There's also a hostel, Timen's House. Airbnb lists a lot of places to stay in the area although their definition of North Hollywood includes parts of Sun Valley, Valley Glen, Valley Village, and West Toluca Lake.


Lonny Chapman Theatre - The Group Repertory Theatre

The area around North Hollywood is a hub of live theater, boasting (according to one source) 31 playhouses including the aforementioned El Portal Theatre as well as the following theaters and acting companies: Academy for New Musical Theatre, Actors Forum Theatre, Actors Workout Studio, Antaeus Company, Avery Schreiber Theatre, Cre8tive Differences, Crown City Theater, Deaf West Theatre, Elate's Lincoln Stegman Theatre, The Group Repertory at the Lonny Chapman Theatre, Ha Ha's Comedy Club & Café, The Magic Mirror Theater, NoHo London Music Hall, Puppet Studio, The Raven Playhouse, The Road Theatre Company, Secret Rose Theatre, The Sherry Theater, Smoke and Mirrors, 3 of a Kind Theatre Company, Whitmore Lindley Theatere Center, and Zombie Joe's Underground Theatre. That's fewer than 31 (I'm sure that I'm both missing some and that the count includes theaters in other neighborhoods) but it's still an impressive collection of theaters that even surpasses the number of theaters in the Hollywood Theater District.


North Hollywood is supposedly home to the largest concentration of music studios west of the Mississippi River and because of that fact, I'm not going to bother trying to here name them all. I will mention that the neighborhood has been referenced in several album titles: Blues Traveler's North Hollywood Shootout, Slush's North Hollywood, and Revolutionary Side Effects' album, also titled North Hollywood. Laurindo Almeida, Van Hunt, and Yokodeathray all have songs titled “North Hollywood.” Brady Harris has a song called “North Hollywood Skyline,Brandon Jenkins has a song called “Streets of North Hollywood,” and (my favorite), Brazil's Cansei de Ser Sexy have a song titled “Frankie Goest to North Hollywood.”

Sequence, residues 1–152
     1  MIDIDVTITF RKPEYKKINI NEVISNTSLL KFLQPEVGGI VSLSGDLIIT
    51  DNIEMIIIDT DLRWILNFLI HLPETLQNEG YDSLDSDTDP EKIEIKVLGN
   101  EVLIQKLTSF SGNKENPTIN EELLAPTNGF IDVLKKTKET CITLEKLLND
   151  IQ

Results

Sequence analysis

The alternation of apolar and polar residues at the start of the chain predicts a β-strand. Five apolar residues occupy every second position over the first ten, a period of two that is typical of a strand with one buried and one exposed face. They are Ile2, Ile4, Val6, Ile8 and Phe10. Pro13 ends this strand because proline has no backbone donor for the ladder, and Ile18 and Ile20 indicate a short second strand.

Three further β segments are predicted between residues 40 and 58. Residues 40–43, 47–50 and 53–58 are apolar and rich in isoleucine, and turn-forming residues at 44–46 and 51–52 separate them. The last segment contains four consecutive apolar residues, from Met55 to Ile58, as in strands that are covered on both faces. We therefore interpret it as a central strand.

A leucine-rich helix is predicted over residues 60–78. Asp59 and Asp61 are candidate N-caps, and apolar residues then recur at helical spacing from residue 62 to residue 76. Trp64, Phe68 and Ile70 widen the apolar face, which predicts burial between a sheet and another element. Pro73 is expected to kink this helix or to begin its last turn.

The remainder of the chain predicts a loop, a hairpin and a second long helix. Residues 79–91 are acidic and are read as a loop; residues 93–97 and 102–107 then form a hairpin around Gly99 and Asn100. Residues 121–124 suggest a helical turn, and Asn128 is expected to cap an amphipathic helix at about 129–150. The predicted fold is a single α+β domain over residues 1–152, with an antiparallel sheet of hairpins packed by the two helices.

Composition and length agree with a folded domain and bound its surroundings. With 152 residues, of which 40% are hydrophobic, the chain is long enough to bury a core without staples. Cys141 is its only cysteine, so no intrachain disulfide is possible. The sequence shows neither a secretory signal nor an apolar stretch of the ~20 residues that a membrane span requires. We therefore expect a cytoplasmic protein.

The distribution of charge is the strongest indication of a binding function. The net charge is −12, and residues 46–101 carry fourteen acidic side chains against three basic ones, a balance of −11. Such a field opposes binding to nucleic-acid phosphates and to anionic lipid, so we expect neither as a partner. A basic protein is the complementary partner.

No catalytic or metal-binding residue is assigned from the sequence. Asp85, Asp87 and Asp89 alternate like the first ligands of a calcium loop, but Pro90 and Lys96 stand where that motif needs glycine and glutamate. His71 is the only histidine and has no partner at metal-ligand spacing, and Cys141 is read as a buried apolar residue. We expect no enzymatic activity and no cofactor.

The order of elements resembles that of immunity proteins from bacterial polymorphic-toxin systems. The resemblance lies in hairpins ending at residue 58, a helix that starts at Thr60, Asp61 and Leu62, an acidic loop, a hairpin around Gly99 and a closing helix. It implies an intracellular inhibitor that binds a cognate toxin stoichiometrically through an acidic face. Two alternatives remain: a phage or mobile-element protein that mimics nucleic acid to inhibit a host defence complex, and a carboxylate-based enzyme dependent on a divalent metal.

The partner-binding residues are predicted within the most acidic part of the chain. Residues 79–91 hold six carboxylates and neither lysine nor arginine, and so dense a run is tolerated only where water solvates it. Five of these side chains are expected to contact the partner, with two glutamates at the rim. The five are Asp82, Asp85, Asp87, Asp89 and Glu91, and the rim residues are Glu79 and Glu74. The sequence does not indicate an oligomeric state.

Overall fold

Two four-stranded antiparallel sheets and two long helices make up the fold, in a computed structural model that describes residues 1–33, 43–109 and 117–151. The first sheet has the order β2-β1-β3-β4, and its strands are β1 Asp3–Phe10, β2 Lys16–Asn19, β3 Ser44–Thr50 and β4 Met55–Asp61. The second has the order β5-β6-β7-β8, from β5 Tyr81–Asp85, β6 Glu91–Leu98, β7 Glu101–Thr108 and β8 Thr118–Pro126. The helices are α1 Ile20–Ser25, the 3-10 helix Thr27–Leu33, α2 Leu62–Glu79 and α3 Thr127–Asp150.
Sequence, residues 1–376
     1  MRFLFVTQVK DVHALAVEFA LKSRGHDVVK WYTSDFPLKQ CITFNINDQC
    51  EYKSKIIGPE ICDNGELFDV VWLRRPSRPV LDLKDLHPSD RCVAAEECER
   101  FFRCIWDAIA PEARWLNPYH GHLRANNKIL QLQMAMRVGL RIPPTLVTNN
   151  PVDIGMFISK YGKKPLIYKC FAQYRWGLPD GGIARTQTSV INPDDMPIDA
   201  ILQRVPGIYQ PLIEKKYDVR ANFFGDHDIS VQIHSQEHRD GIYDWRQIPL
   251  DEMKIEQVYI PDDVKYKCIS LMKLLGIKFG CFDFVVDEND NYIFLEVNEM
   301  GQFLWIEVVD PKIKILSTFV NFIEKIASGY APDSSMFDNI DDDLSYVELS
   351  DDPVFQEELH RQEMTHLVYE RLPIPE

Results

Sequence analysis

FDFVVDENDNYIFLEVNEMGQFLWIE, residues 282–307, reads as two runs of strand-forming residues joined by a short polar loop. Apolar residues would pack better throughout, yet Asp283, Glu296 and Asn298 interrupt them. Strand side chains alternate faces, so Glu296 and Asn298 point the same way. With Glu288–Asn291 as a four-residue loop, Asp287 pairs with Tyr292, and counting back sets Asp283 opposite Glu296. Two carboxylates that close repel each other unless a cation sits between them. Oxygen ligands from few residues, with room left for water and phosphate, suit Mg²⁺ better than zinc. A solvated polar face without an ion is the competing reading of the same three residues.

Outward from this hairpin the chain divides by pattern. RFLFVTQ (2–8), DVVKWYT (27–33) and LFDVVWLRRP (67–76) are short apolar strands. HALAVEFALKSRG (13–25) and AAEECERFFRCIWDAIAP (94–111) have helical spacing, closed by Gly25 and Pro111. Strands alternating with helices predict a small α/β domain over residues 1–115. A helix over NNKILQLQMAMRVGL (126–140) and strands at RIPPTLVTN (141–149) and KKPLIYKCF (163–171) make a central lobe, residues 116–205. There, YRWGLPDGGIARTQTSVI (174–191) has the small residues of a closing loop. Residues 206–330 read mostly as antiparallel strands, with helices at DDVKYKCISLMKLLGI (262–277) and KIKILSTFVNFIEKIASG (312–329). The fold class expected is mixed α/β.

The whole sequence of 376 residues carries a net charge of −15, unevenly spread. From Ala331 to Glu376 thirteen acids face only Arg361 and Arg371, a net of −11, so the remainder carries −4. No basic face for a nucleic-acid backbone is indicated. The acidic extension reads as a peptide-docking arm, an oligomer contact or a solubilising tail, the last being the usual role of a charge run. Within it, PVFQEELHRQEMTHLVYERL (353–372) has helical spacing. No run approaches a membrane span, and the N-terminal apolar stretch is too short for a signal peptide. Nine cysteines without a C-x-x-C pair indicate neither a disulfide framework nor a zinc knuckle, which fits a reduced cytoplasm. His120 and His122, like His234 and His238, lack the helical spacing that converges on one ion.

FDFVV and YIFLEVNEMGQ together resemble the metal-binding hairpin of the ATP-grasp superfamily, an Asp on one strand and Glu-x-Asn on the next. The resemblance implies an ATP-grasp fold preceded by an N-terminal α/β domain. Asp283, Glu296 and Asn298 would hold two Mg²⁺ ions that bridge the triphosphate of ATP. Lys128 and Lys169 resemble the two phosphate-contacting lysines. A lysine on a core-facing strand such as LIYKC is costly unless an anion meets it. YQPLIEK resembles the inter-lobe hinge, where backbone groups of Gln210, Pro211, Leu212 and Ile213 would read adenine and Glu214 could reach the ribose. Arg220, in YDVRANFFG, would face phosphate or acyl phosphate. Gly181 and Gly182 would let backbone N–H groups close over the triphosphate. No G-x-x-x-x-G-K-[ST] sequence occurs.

Two of my favorite music acts from North Hollywood are The Weirdos – one of the greatest punk bands from all of Los Angeles – and Shelby Flint, a pre-British Invasion performer who had a hit with “Angel on My Shoulder” in 1961. 

Shelby Flint's "Angel on my Shoulder"


Lankershim Arts Center

The Lankershim Arts Center was designed by the great architect, S. Charles Lee and built in 1939 for the Los Angeles Department of Water & Power. Around 1991 it became home to the Road Theatre Company and 800 Gallery. Other art galleries, frame shops, supply stores, studios, &c include The Art Castle, Art Institute Califonia - Hollywood, Art Pic, Betty Collins Art Studios, Biija Fine Art, Cella Gallery, Doran Designs, The Industrial Gallery of Art, L'imagerie Gallery, Magnolia Arts HOA, NoHo Gallery LA, NoHo2 Studio, Satsuma Gallery, and Sunny Meyer Fine Art Restoration.